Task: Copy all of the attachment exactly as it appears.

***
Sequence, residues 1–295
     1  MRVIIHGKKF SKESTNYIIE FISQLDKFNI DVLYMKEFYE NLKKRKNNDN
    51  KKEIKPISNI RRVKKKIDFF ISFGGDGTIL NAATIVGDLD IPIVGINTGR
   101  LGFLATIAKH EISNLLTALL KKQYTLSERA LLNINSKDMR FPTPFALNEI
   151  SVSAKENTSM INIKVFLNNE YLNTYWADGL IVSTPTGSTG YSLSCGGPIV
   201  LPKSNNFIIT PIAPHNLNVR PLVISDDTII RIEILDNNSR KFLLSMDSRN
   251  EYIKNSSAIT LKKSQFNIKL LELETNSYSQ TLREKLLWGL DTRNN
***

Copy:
Sequence, residues 1–295
     1  MRVIIHGKKF SKESTNYIIE FISQLDKFNI DVLYMKEFYE NLKKRKNNDN
    51  KKEIKPISNI RRVKKKIDFF ISFGGDGTIL NAATIVGDLD IPIVGINTGR
   101  LGFLATIAKH EISNLLTALL KKQYTLSERA LLNINSKDMR FPTPFALNEI
   151  SVSAKENTSM INIKVFLNNE YLNTYWADGL IVSTPTGSTG YSLSCGGPIV
   201  LPKSNNFIIT PIAPHNLNVR PLVISDDTII RIEILDNNSR KFLLSMDSRN
   251  EYIKNSSAIT LKKSQFNIKL LELETNSYSQ TLREKLLWGL DTRNN